The betting game

No local horse racing, but gambling on the horses gets off to a flying start.

Horse racing for the finish line at Goodwood racecourse in southern England, July 31. (photo credit: EDDIE KEOGH / REUTERS)
Horse racing for the finish line at Goodwood racecourse in southern England, July 31.
(photo credit: EDDIE KEOGH / REUTERS)
 They raced in Ancient Egypt; the Greeks and Romans established racecourses across their empires (including the Roman chariot racing track at Caesarea that is still visible today); and the modern sport of horse racing and its associated betting industry is huge all over the globe. But in Israel, well therein lies a tale… Horse racing, the “Sport of Kings” as it is often presented around the globe, has been around at least as long as kings themselves, but it took until 2013 for legal betting on horse racing to finally arrive in the State of Israel. And, by all accounts, it’s proving a big hit with bettors.
The ongoing, and much chronicled, rivalry between the state-run lottery board, (Mifal Hapayis), and the Israel Sports Betting Board (ISBB, known as Toto), recently produced a revolutionary addition to the sports on which locals are legally allowed to wager, as live betting on British and Irish horse racing was launched on a public with little or no awareness of the multi-faceted sport.
“There was a big question of how betting on racing would be received in Israel,” Ronen Grinfeld, Director of Racing at the ISBB, admits to The Jerusalem Report. “No horse racing tradition, no industry, no horses, nothing! The No. 1 challenge was to take a very complicated industry with lots of data and make it accessible for the Israeli bettor.”
The plain fact is that Israel is one of the few developed countries in the world without a racetrack, and almost certainly the only former British-occupied territory that didn’t maintain the sport after the Brits upped and left in 1948. Think about it – the US, Canada, India, Ireland, Pakistan, Sri Lanka, Australia, New Zealand, South Africa, Zimbabwe, Jamaica, Cyprus, Kenya, Barbados, Singapore, Hong Kong, Malaysia... The list goes on and on.
Apart from occasional amateur racing at Ein Harod, near Beit She’an, which began during the British Mandate of Palestine back in the 1930s, and other occasional gatherings of kibbutzniks and local Arabs at other “tracks,” to the present day, there has been no established horse racing or a thoroughbred racehorse breeding industry to speak of. This despite the fact that one of the few shared passions of Jews, Arabs, Beduins, and Druze is a love of horses. For many, that also means a love of horse racing.
One of the main reasons for the ISBB’s appeal to the government for a license to bet on overseas horse racing (in the absence of any local product on which to base their project) was the fact that, despite having a monopoly on sports betting in Israel, the majority of sports bets were not going through their betting kiosks. Black market sports betting was, and to a great extent still is, generally acknowledged to be taking a potential fortune out of the coffers of the state-run company – money that otherwise would have been forwarded to building more football stadiums, swimming pools, tennis courts, and other worthy projects.
A DECEMBER 2012 study on the subject of illegal betting in Israel, carried out by Avichai Snir of Netanya Academic College and Ronen Bar-El of the Open University, estimated that “NIS 12.5 billion [$3.5 billion] is spent a year on sports gambling, of which about NIS 11 billion [$3.1 billion] is outside the law.” The study suggested that expanding the opportunities for gamblers to bet legally would reduce income to mafia and underworld associated organizations that have thrived over the last few decades because of the proliferation of illegal betting. They concluded that “legalizing half of Israel’s illicit gambling on sporting events would net the government NIS 1.2 billion [$340 million] in taxes.”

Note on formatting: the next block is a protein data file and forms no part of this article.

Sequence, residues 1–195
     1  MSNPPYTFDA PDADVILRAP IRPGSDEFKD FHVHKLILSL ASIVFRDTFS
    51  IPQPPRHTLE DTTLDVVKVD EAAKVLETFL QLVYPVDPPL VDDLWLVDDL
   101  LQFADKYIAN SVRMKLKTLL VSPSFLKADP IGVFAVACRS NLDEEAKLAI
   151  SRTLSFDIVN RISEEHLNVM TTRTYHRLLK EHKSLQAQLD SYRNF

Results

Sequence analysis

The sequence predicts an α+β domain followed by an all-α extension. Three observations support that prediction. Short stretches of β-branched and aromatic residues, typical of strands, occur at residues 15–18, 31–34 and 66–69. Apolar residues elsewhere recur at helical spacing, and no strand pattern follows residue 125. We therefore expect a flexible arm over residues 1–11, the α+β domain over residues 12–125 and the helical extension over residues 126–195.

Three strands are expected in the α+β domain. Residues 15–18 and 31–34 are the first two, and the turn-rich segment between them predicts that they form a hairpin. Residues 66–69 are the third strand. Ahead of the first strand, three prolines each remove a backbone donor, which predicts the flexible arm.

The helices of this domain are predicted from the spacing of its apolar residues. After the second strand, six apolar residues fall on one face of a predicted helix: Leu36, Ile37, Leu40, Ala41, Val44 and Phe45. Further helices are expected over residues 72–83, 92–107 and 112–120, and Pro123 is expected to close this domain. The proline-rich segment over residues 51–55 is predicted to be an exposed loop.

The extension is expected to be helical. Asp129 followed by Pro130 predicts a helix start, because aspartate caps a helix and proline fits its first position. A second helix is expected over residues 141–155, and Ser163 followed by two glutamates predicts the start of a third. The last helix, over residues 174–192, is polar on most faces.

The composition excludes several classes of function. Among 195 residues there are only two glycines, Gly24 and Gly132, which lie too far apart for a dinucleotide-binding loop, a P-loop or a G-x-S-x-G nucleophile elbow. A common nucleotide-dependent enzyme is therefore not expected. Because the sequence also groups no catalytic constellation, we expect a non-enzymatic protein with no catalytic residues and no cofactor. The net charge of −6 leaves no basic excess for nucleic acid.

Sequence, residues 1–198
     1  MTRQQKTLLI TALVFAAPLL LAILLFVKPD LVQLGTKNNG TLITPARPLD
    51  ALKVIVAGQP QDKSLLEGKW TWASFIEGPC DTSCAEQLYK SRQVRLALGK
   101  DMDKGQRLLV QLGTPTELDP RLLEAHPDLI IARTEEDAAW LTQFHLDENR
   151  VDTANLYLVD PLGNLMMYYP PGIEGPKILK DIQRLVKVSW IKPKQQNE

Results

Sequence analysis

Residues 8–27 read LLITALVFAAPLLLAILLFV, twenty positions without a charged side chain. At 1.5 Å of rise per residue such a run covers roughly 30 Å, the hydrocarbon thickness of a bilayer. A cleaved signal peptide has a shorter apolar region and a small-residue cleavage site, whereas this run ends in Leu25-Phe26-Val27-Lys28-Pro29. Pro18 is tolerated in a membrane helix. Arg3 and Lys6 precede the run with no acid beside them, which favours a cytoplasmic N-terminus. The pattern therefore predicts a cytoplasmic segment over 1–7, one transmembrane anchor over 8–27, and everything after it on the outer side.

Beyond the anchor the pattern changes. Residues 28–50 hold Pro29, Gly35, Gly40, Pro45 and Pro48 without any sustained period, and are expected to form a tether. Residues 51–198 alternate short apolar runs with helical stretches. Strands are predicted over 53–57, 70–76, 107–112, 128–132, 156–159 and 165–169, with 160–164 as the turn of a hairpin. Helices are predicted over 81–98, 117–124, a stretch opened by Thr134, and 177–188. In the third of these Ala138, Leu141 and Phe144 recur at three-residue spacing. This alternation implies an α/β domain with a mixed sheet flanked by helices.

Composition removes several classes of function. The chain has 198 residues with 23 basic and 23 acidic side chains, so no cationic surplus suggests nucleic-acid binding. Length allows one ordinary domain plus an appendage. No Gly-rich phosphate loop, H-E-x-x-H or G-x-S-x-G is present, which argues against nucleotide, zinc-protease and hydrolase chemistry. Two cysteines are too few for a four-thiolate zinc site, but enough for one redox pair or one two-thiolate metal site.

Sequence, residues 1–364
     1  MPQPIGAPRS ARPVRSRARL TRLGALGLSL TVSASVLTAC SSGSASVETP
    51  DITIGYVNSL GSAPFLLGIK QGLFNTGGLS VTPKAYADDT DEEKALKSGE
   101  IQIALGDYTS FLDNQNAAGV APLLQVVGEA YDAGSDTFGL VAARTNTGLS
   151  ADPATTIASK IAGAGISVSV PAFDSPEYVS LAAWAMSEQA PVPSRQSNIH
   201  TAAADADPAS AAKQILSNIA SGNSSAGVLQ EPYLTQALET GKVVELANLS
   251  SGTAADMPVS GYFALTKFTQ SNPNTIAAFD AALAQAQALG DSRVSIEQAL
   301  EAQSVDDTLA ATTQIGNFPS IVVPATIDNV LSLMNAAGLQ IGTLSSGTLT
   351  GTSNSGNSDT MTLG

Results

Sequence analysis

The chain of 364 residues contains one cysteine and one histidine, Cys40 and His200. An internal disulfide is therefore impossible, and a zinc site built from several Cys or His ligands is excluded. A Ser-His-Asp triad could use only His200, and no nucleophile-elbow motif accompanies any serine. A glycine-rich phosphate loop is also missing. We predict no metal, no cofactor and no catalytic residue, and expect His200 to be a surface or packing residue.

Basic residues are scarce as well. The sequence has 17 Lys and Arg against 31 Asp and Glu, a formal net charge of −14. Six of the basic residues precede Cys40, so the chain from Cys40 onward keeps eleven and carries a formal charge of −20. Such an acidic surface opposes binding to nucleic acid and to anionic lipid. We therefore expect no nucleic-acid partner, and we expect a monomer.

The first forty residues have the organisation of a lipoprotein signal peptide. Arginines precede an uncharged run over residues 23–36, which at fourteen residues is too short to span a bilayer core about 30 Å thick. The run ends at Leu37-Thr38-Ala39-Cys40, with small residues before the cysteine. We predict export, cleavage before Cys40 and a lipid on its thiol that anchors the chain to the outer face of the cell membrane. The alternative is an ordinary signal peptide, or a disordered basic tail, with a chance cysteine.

The approval of horse racing’s addition to the local sports-betting basket didn’t go through though without agonizingly long, drawn out years of deliberations, eventually followed by a heated 2012 parliamentary debate in which there were plenty of views for and against the expansion of sports betting.
“Most Israeli sports facilities are funded by betting; therefore the Council for Sports Gambling should be allowed to widen the number and scope of its products,” Sports and Culture Minister Limor Livnat (Likud) said. “I naturally oppose betting,” said MK Ya’akov Edri (Kadima), “but it is a fact that the betting market brings in billions; if it is possible to route this money so that it does not go to the black market and crime it is just as well. We cannot bury our heads in the sand and act as if the betting industry did not exist.” Among the opposing voices was then MK Shachiv Shnaan (Ha’atzma’ut), who argued, “This is another way for people to waste their money, including the downtrodden who are tempted to gamble in spite of their economic problems.”
Shai Hermesh (Kadima) supported the move, but felt that by legalizing betting only on overseas horse racing, the government was missing a golden opportunity to promote a new labor-intensive industry at home and was making more money for overseas operators than for the local economy. Hermesh asserted that foreign horse racing “closes the option in Israel – the Galilee and Negev miss out on a huge economic stimulus. Betting goes out to England and Ireland, and prevents bringing a lot of money into Israel.”
Evidence of professionally regulated horse racing from around the globe, placing the health and needs of the horses involved as a top priority, has satisfied scores of international first-world investigations into the subject. Still, Hakol Chai, a radical animal rights organization, vehemently rallied against racing and betting on racing being implemented in Israel.
“We are for sports in Israel, but not at the expense of animals,” it argued. However, the organization’s emotive campaign and vocal efforts to block the ISBB’s license application failed to derail the plans.